• The most reliable way to avoid STIs is to not have vaginal, anal, or oral sex.

You should also know that all STIs, even HIV, are treatable, and most are curable. The sooner you get tested, the sooner you can take action to protect your health and the health of your partner(s).

Some STIs can lead to serious health problems if they’re not treated. For example, an untreated STI, like chlamydia, can make it difficult or impossible for a woman to get pregnant. And having herpes or gonorrhea can increase your chances of getting HIV.

  • STI tests are quick, simple, and usually painless. For example, rapid HIV tests can provide results from just a swab inside the mouth in only 20 minutes.
  • Not all medical checkups include STI testing. Unless you ask to be tested, you can’t assume you have been. Ask your medical provider which STIs you should be tested for.
  • Talk to your partner about when you were last tested and suggest getting tested together. And if you have an STI, tell your partner. These conversations may seem hard to have, but open communication with your partner is essential to staying healthy and stopping the spread of STIs. These conversations may also bring you closer together. Here are some tips to help you start the conversation.
  • You can find confidential testing near you that is free or low cost by going to the Get Yourself Tested website
Half of all sexually young people will get an std before the age of 25. Most will not know it. Get y ourself talking.  Talk to your partner.  Talk to your health care provider.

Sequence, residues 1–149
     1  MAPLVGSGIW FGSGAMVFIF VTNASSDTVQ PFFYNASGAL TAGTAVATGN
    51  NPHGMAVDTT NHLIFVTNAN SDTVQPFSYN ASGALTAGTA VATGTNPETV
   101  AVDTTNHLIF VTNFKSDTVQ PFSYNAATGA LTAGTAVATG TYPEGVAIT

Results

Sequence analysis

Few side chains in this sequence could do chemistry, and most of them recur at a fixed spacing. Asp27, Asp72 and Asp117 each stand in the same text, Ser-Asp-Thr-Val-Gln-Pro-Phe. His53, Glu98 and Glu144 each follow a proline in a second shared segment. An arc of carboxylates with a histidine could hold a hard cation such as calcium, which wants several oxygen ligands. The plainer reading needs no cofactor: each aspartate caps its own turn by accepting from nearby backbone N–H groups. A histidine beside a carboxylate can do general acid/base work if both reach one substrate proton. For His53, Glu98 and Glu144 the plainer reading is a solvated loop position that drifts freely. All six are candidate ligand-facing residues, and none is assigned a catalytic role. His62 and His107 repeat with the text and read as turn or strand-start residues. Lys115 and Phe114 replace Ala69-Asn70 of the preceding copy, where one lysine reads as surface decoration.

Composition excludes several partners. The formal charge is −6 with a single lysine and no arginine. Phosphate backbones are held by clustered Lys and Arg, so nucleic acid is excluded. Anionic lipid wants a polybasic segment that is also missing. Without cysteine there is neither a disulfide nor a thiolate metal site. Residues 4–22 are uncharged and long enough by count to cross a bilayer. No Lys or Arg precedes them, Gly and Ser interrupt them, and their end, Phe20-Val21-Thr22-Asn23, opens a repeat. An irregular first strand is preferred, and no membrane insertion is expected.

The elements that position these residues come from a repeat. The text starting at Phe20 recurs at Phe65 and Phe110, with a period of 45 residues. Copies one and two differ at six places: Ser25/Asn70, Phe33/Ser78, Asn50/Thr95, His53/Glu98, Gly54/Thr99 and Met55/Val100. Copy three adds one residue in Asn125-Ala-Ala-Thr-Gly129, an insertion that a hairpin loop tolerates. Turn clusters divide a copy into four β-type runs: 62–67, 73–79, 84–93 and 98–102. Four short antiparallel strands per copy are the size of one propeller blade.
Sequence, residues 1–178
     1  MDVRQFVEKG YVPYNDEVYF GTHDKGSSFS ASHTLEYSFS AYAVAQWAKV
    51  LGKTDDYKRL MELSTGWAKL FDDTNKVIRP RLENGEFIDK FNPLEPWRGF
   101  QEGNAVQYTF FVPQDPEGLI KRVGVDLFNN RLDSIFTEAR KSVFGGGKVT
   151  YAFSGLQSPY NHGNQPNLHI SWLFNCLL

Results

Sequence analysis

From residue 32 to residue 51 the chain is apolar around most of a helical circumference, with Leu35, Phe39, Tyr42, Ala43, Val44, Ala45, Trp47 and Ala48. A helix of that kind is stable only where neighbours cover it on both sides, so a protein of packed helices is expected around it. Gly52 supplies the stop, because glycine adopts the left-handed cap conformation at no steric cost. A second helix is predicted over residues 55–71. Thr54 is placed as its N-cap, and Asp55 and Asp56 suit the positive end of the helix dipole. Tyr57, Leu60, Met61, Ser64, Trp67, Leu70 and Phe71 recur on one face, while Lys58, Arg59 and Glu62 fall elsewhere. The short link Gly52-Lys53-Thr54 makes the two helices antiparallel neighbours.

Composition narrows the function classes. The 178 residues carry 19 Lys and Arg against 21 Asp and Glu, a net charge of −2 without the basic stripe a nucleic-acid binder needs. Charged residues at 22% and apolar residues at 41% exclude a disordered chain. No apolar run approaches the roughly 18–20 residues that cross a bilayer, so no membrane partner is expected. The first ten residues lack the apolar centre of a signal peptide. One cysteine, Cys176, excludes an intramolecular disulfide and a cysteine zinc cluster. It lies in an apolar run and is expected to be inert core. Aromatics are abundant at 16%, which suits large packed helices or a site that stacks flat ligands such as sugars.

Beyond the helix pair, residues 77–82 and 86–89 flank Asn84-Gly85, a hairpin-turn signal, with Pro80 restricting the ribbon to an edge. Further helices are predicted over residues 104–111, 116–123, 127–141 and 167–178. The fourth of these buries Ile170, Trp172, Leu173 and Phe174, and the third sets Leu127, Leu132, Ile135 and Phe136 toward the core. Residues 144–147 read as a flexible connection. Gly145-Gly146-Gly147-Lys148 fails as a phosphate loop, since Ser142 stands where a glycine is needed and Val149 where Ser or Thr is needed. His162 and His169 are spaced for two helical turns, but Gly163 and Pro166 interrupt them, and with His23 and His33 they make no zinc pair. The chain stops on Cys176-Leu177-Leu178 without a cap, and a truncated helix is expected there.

STI Testing 101

Which STI test should you consider?

If you are sexually active, getting tested for STIs is one of the most important things you can do to protect your health!

  • Have an open and honest conversation with your doctor about your sexual history and STI testing. This will help them understand what STI tests you may need.

Studies have shown that many people don’t talk to their healthcare providers about issues of sex and sexuality during their annual health visits, sometimes because they are afraid their parents might find out.

How does STI testing work?

STI testing can be easy, quick and often painless. STI testing may consist of a urine test, cheek swab, blood test, physical exam or swab of sores.

Most physical exams at your doctor's office do not routinely include STI testing so you should be sure to ask when you have a physical exam.

Don't want to be tested at your doctor's office? Check out the locations above for free or low-cost services.

How do I know if I am at risk?

Your sexual health is at risk if you answer “yes” to any of the following questions:

  • Have you had unprotected vaginal, anal, or oral sex (sex without a condom)?
  • Do you have multiple partners?
  • Do you have an STI, including HIV?
  • Have you shared injection drug equipment, including needles or syringes?
  • Do you have a partner who answers “yes” to any of these questions or whose health status you don’t know?

Page last modified March 26, 2024